By Bill Coletti, CEO, Kith
· It is a critical error to assume a crisis situation will lessen in severity over time.
· Good communication strategists are always prepared for the next shoe to drop.
· In crisis, an overarching narrative is being developed, and its up to communicators to pay attention to the bigger picture and ensure the narrative remains neutral or becomes positive.
What does the Brown Ocean Effect have in common with crisis communications?
Tropical Storm Bill has recently made news by striking the Texas Gulf Coast and moving north, weakening as it traveled over land into Texas and on toward Oklahoma, and the Ozarks. It brought flooding to areas already devastated by heavy rains. Such storms typically weaken after striking land due to a sudden drop in the available moisture from below. But a theory known as the Brown Ocean Effect may offer an alternative pattern.
The Brown Ocean Theory proposes that if sufficient water is found in the ground over which a tropical storm travels, it may not weaken, but draw sufficient moisture from the ground, the “brown ocean,” to instead actually grow stronger.
Before T.S. Bill, the Gainesville, Texas area experienced nearly its total annual average rainfall in just 60 days. With a great deal of water still pooled on the ground, this gave rise to questions about whether or not Bill would weaken over land. While Bill did, in fact weaken, the brown ocean theory may give rise to an analogy worth exploring in crisis communications planning.
Often in crisis management, a situation arises–that is, it makes landfall–producing a significant immediate impact in the affected communities. Then it fades in intensity as it moves further inland. Accepted practice in crisis situations involves managing the initial impact of the story with durable statements and strategies. These tools help affected persons survive the initial impact and live on as the situation decreases in intensity.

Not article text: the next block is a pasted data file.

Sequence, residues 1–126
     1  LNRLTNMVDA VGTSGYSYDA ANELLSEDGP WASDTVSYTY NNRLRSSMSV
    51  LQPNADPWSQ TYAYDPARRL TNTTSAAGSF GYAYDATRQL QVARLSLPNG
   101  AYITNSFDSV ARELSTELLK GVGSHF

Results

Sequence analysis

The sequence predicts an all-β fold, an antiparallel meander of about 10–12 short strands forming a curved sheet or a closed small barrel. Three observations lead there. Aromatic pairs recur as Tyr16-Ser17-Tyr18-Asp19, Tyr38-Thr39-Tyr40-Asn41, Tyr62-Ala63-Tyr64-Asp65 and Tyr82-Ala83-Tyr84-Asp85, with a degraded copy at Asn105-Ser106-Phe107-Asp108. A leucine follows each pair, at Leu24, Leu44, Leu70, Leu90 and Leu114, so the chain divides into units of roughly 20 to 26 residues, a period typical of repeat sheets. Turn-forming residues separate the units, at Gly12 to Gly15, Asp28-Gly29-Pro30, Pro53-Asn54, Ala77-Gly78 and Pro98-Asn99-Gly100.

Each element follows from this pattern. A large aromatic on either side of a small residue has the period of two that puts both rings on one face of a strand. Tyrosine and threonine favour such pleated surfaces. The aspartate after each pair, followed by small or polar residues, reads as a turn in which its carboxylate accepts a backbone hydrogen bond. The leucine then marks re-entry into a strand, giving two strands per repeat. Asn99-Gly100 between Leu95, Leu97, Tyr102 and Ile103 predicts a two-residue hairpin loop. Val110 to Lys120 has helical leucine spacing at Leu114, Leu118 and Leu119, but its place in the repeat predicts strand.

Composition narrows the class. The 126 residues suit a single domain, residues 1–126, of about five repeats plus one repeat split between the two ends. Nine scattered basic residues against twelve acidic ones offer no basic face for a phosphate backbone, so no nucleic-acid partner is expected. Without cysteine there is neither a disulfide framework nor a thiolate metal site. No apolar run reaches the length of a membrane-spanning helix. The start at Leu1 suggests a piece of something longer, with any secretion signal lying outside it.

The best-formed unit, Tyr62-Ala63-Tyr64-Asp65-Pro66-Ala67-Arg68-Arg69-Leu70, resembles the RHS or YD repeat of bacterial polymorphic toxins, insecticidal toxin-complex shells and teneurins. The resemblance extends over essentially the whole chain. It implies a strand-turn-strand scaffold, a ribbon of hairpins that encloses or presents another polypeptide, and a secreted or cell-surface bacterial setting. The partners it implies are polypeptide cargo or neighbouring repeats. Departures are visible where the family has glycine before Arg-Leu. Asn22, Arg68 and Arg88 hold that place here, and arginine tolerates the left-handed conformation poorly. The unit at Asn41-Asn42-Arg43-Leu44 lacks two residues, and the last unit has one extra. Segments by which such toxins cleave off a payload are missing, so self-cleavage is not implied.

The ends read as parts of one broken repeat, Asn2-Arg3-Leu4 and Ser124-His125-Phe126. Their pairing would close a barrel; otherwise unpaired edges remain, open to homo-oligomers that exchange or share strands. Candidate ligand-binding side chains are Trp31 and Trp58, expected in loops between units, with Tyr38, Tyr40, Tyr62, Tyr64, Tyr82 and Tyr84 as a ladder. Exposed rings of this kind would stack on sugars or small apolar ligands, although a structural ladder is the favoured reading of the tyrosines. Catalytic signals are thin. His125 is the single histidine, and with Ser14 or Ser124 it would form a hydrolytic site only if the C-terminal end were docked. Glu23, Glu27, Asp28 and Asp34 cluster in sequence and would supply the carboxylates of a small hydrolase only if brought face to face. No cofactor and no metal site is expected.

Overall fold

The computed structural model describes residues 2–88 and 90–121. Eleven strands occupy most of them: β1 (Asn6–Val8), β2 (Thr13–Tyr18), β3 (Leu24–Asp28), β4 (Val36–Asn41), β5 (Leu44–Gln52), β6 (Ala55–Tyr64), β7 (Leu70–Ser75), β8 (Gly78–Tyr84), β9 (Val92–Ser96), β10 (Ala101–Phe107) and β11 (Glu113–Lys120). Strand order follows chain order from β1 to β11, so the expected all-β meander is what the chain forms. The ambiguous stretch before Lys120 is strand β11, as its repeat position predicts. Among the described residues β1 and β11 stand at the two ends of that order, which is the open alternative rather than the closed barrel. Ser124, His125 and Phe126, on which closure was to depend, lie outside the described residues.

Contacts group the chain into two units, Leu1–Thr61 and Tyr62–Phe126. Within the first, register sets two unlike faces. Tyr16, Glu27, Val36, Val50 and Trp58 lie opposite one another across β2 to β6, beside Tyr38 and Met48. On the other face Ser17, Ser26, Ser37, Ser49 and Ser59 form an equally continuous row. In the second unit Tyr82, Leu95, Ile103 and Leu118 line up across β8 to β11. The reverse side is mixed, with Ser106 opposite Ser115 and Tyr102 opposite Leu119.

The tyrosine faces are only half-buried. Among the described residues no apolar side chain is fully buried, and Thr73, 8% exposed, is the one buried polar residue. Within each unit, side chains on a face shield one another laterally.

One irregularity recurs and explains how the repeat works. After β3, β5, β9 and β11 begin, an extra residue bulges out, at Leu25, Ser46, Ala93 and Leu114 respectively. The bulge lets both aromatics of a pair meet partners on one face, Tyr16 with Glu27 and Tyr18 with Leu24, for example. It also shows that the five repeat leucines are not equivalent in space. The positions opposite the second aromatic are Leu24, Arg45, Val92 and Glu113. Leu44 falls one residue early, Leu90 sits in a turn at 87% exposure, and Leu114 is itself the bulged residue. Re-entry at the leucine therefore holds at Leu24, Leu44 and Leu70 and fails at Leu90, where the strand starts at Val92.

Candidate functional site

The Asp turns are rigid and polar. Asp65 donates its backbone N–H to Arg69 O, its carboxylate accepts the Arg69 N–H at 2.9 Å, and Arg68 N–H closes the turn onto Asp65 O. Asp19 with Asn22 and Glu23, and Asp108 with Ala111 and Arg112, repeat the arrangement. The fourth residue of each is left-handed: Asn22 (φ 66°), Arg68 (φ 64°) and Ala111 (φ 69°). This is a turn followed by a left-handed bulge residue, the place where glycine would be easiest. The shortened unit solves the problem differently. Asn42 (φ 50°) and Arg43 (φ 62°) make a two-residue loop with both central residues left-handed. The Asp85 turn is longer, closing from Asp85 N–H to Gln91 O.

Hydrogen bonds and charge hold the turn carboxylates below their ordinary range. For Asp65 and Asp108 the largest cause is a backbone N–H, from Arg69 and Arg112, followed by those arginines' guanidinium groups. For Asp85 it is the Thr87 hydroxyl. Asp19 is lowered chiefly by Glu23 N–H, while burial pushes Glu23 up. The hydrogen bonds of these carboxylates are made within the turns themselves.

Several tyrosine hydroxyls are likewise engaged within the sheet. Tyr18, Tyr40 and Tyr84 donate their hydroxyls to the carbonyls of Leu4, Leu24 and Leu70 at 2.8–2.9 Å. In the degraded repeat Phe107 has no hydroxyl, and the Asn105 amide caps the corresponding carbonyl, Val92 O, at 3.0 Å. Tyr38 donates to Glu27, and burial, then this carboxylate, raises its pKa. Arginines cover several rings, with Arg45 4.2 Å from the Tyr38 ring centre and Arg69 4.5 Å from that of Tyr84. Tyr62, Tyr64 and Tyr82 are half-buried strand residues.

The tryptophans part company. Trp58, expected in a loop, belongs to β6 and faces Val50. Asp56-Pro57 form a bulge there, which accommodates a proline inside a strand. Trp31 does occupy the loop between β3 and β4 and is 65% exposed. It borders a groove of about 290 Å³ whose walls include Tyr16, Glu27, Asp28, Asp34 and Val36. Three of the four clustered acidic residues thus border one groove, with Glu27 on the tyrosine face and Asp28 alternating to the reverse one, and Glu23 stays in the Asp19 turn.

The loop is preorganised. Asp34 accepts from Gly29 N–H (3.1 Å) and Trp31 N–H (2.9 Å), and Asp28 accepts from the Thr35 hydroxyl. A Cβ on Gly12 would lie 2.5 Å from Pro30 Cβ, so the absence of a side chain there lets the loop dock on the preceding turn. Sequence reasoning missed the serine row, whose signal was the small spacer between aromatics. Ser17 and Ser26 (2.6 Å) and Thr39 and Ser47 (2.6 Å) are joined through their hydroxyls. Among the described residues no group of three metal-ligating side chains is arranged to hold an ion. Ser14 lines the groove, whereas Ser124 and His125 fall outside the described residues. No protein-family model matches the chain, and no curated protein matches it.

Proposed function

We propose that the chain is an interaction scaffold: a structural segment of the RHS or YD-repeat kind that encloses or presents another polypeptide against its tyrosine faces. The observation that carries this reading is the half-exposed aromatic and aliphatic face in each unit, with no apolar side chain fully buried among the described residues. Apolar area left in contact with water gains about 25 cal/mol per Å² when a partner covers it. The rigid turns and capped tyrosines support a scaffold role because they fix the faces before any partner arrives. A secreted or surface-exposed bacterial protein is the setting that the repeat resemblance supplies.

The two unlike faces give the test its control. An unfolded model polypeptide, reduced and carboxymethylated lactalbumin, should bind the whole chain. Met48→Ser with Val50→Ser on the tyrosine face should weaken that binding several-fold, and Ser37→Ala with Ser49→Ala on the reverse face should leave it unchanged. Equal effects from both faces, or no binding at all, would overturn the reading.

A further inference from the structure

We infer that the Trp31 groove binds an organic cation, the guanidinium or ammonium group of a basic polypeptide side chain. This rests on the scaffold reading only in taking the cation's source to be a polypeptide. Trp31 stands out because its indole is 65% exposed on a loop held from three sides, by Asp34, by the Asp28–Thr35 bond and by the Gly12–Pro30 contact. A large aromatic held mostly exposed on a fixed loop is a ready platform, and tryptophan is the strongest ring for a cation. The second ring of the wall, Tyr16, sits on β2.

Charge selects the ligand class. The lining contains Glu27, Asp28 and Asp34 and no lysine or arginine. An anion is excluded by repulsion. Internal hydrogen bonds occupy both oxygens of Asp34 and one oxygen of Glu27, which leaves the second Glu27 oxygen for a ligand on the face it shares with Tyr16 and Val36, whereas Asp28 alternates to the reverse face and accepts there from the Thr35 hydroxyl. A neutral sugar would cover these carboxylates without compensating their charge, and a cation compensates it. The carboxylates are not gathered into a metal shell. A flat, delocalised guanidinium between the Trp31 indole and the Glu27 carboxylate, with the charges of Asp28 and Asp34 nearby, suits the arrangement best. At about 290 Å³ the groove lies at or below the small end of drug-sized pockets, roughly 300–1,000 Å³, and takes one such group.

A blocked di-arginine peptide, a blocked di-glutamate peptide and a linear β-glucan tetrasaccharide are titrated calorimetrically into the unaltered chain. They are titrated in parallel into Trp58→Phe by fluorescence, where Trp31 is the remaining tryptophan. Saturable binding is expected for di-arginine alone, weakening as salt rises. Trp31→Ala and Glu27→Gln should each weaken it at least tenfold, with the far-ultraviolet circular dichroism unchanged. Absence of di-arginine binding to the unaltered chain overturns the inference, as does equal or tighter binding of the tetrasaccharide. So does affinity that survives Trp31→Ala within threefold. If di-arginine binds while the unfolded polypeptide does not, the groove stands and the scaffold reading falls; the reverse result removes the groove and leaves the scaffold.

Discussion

News items and the social media responses to them have brought to our attention the fact that, just as the Brown Ocean Theory suggests, these stories have actually gained additional traction. We see this with data breeches, for example. One singular data breech event is managed in context, but if another happens and then another, it changes the over-arching narrative because the “ground” has been saturated with data breech. Each response is less unique and more broad-based because multiple companies have been involved over a period of time.
Good communication strategists are always prepared for the next shoe to drop. What we are seeing in this analogy to the Brown Ocean Effect, is that they should be equally concerned about shoes that dropped earlier, softening the landscape and permitting issues to reorganize and strengthen.
How does the Brown Ocean Effect impact your crisis communications planning?